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Jorge Milanes: My name is Jorge Milanes Despaigne, and I’m a tourism promoter and public relations specialist. Forty-five years ago I was born in Cojimar, a small coastal town to the east of Havana. I very much enjoy trips and adventure; and now that I know a good bit about my own country, I’d like to learn more about other nations. I enjoy reading, singing, dancing, haute cuisine and talking with interesting people who offer wisdom and happiness.

Hospital Orderlies

July 6, 2012 | Print Print |

Jorge Milanes

Foto: Caridad

HAVANA TIMES — After having had a tumor removed from her colon a year ago, this morning I went with my mother to one of her monthly exams with her doctor at the hospital.

So far the results of her analyses have been fine, though she’s lost some of her vision – according to her.

Entering the room, we sat down to wait for her turn, and from our chairs we could observe how the orderlies were dealing with emergency cases.

They rushed by pushing their gurneys, though these seemed more like race cars on a motorway.

They would go by using the most unpleasant words and phrases, jostling the patients around in the “stretchers” and proceeding to dash down the hall and disappear through a door.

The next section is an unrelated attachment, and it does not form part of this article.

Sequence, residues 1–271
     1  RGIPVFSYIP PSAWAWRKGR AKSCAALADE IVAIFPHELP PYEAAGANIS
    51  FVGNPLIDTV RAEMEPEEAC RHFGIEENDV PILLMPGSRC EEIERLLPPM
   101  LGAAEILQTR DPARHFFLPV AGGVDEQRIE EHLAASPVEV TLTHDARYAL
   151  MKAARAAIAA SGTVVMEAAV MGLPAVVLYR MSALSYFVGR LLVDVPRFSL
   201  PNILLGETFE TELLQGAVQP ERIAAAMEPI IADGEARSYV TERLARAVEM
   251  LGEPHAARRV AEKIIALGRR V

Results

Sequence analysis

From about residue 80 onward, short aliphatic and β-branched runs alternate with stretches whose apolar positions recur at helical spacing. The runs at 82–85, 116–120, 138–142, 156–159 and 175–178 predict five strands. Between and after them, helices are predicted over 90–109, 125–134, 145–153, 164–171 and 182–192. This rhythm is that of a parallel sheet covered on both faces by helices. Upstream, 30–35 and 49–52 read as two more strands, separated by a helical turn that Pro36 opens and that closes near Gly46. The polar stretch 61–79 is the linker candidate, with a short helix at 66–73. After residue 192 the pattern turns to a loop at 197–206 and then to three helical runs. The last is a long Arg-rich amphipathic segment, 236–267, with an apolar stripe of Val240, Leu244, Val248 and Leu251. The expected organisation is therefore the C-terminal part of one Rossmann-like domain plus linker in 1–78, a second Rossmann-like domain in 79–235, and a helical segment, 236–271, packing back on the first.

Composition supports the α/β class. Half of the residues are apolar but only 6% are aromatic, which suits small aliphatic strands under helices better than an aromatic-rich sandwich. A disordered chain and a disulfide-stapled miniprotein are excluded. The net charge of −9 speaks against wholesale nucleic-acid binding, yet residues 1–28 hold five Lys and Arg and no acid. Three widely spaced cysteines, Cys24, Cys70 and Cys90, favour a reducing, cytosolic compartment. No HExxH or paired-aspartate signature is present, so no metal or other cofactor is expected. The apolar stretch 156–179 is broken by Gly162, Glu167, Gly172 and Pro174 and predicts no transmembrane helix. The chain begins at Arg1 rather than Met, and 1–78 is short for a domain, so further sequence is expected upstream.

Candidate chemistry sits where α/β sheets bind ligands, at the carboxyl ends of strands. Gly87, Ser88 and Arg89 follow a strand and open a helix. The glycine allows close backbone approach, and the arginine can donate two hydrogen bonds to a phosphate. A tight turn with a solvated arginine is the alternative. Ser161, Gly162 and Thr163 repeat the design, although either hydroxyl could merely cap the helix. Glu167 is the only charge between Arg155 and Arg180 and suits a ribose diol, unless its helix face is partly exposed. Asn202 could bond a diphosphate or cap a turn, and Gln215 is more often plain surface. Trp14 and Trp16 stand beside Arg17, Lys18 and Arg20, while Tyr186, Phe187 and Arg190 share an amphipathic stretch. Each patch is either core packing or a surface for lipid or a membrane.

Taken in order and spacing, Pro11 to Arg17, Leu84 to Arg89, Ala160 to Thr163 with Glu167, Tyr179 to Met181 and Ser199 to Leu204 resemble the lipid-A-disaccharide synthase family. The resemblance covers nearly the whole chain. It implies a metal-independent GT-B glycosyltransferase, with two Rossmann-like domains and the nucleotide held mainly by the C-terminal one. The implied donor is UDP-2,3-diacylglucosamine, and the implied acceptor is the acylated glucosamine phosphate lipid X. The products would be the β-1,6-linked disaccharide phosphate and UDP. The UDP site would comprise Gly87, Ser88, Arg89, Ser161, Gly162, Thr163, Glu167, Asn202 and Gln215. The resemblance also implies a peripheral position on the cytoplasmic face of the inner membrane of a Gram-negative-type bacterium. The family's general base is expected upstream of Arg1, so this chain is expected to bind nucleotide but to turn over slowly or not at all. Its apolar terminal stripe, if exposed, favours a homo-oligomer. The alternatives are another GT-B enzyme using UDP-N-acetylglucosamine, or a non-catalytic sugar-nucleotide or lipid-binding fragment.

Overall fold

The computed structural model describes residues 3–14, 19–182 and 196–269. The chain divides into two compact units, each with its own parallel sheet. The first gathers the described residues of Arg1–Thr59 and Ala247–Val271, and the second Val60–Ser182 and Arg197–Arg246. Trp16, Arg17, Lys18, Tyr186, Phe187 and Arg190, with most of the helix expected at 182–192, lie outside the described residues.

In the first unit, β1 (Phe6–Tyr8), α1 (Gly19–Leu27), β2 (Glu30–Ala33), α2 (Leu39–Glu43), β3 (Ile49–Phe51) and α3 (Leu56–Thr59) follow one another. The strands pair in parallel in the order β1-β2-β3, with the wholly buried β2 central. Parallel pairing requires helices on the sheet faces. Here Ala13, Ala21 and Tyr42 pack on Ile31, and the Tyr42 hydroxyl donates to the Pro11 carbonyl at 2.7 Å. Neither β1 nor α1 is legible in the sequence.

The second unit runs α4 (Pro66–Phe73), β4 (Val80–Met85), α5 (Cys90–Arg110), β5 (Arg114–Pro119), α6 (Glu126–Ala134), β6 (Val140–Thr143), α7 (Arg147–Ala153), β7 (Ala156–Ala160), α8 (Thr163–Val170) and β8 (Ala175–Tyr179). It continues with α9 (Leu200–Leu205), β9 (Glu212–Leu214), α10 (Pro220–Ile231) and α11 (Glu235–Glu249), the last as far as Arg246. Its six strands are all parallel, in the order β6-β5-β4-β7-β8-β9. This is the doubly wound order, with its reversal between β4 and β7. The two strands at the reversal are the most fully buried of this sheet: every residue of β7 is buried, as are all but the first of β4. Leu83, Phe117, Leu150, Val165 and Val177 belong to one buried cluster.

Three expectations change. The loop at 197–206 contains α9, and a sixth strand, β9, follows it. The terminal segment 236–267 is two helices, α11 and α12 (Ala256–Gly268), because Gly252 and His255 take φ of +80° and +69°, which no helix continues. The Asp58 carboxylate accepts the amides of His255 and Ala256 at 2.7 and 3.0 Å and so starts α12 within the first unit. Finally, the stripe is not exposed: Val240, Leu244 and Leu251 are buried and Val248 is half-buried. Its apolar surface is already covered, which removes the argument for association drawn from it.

They would come back looking for other patients who they would cart away in malfunctioning wheelchairs. These staff members had the same poor attitudes but pushed these invalids more slowly.

My mother, bothered, was trying to understand what was happening. I reminded her that she hadn’t been mistreated like that – thank God.

Apparently this had been because there weren’t so many people needing orderlies when she was admitted and because the whole family was there watching out for her.

It’s getting hard to raise the awareness of medical ethics among many health care workers.

When you come into a hospital with an ailment, it’s important that your treatment begins with the orderlies, nurses and laboratory workers – the staff having immediate contact with patients. This puts you in a positive and confident mood, which of course influences your recovery.

We have developed a recognized medical system due to the work of our physicians and because human health care here is almost completely free. Nevertheless we still have a long way to go in terms of humane treatment.


What's your opinion?

  • http://n/a D.Simels

    Mr. Milanes, I’m guessing that one of the reasons why the orderlies are behaving the way that you describe is due to the fact that the equipment they use is not of a good quality, breaks down, and there are no parts available for repairs and no replacement guerneys or wheelchairs. The communication between patients, patients families, and hospital staff is very much the same here in the USA. I hope your mom is doing well.

  • Rigo

    One thing I’ve learned at the Cuban hospitals is to check what the nurses and orderlies are doing. The doctors in this country are some of the best I’ve met but the rest…….
    Out of every 5 nurses you have one doing all the work. The others are grumpy, bad tempered and just plain fed up. All the injuries I’ve obtained while being treated at Cuban hospitals can be traced to nurses and orderlies.

    That’s what you get when you have “enfermeras emergentes”.